Published on September 1, 2017
Author Aneta Camo
Notice: This post is more than a year old. Some of the content might be outdated.

How to track Sass files when using Jekyll

Don’t let Jekyll hide files from you anymore

Jekyll automatically handles wrapping and compiling Sass into CSS. That would be fine if it did not delete the source map and made it completely impossible to navigate back - Let’s see how to fix this!

In Praqma, we develop our websites using Jekyll with Sass files. We love it and it mostly work great for us. But Jekyll is sometimes a bit too clever for us.

When using Sass, all the code fragments are compiled and translated into one complex and unordered CSS file main.css that is interpreted by the browser.

To help navigate back to the original Sass source files - when using code inspector - a source map is being generated and updated together with every Sass-to-CSS update. It is represented by two files:

_site/css/main.css
_site/css/main.css.map

When running Jekyll - it automatically does the job of wrapping and compiling Sass into CSS itself. Unfortunately in a way that it becomes impossible to navigate to the original Sass source files. By running Jekyll, those two files that were just generated are being overwritten and deleted - by Jekyll.

So, in the developer console, instead of linking us to the right Sass file with the right fragments of the code, we are being directed to the complex and unordered CSS file, that is hard to display.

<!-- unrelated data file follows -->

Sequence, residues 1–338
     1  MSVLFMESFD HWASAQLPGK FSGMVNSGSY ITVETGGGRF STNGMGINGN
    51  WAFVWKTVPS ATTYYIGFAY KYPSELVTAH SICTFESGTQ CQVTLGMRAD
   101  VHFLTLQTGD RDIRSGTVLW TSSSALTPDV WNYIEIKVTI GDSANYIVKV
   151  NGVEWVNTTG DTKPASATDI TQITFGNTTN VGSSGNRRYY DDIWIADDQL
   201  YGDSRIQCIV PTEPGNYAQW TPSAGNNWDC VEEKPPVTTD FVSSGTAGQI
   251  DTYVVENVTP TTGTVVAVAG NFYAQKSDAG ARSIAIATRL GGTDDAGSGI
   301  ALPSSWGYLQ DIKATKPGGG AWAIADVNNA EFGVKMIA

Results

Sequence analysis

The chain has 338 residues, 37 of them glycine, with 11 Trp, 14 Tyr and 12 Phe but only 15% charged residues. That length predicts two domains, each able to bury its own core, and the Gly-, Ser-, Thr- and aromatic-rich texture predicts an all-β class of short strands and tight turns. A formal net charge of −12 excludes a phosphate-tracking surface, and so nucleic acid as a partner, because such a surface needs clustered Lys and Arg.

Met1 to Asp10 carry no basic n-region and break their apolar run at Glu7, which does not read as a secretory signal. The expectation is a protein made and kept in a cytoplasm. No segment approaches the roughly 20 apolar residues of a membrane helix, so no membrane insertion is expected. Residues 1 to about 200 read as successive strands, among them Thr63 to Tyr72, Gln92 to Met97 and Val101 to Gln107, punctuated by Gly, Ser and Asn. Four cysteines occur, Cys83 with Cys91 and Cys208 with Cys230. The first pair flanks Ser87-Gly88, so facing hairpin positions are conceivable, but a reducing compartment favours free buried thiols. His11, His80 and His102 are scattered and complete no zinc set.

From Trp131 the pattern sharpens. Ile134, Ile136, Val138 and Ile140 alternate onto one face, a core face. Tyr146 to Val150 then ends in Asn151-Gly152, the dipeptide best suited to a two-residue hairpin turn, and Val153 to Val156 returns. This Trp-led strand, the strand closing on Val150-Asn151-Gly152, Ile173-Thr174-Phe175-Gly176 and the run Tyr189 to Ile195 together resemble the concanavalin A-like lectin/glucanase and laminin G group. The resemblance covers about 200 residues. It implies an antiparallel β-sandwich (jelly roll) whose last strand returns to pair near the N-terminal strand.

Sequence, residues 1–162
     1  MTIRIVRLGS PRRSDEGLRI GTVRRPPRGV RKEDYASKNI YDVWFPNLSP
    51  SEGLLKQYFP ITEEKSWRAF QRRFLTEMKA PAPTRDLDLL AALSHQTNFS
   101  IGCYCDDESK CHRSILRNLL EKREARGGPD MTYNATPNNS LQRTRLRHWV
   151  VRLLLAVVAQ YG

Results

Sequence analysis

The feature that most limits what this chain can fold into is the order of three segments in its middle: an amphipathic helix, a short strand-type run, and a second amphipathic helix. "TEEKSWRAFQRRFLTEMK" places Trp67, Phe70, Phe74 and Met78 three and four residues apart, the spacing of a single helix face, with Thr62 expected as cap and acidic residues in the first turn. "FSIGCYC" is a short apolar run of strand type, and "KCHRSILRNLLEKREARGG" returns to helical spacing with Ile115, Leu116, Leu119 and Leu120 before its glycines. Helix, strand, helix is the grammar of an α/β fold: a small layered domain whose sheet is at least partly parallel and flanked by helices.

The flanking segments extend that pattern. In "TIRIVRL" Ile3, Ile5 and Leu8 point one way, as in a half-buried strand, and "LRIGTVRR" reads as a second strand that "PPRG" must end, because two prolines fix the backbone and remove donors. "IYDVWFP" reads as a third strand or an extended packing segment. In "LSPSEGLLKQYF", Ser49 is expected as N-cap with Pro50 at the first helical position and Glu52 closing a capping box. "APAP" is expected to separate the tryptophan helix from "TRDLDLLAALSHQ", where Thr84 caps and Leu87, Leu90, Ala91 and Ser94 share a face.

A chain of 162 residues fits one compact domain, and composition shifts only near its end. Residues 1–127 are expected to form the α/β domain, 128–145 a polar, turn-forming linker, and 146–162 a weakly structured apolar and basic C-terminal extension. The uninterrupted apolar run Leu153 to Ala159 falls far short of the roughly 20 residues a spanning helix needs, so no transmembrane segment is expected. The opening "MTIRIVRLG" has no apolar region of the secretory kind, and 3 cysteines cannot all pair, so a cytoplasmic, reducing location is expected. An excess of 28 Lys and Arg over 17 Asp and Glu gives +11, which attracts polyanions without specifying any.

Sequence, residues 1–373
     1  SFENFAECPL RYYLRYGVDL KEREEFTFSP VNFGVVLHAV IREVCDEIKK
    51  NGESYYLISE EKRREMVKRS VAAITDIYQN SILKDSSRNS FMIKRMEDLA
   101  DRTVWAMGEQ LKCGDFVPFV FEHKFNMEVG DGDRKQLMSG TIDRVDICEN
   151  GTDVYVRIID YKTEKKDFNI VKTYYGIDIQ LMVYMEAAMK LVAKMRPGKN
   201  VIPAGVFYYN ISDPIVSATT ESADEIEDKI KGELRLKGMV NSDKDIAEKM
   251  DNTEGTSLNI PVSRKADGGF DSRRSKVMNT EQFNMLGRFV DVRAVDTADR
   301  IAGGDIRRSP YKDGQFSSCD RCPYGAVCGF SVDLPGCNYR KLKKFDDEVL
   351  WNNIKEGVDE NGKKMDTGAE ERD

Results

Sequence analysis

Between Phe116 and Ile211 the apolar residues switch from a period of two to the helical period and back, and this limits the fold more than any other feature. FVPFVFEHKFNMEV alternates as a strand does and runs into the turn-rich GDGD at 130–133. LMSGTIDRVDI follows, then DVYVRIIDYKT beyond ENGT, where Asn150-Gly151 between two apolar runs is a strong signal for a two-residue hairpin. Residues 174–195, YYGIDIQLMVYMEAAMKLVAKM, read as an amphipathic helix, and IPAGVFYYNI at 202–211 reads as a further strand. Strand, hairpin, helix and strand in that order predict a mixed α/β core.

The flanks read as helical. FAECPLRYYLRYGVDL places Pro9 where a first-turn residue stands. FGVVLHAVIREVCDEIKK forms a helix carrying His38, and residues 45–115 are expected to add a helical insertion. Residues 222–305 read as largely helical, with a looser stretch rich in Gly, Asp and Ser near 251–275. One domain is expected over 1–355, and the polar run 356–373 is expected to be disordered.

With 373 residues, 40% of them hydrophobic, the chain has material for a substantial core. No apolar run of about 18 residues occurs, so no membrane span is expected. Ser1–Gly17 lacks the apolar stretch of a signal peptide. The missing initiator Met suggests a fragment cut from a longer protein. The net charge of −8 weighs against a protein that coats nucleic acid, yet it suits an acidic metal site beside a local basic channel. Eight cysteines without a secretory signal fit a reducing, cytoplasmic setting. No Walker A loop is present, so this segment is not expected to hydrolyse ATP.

Therefore, we need to prevent Jekyll (temporarily) from deleting those two files. To do so, we need to exclude CSS and Sass from Jekyll’s activity.

When we do this, the source map remains and we can easily navigate to the source, fix the issues and get it back to its previous state.

Preparation

First, we need these two steps done in the code:

  • In the file css/main.scss, comment out the front matter - that means the pair of triple dashes indicating a jekyll file
    ---
    ---
    
  • In the file _config.yml add the following directive
    exclude: [css, _sass]
    

Watch out!

Second, we set up the service that keeps watching out for updates and keeps updating the whole chain of those two files. So anytime a change is made in any .sass file, it is linked into the main Sass file, and from there compiled into the CSS file. In your command line, execute a command like this:

sass -I _sass --watch css/main.scss:_site/css/main.css

Victory

And we are ready to go! Serve Jekyll in your line as usual

jekyll serve

That should give us a good working environment for updating the interface, keep us on track and easily navigate within the stylesheets. Notice however, that once our changes are done and tested, it is important to reverse the two steps in the code.

  • In the file css/main.scss uncomment/put back the front matter dashes
  • In the file _config.yml comment out the exclude code snippet

That’s it! Happy debugging!

Author: Aneta Camo

Read more about Aneta


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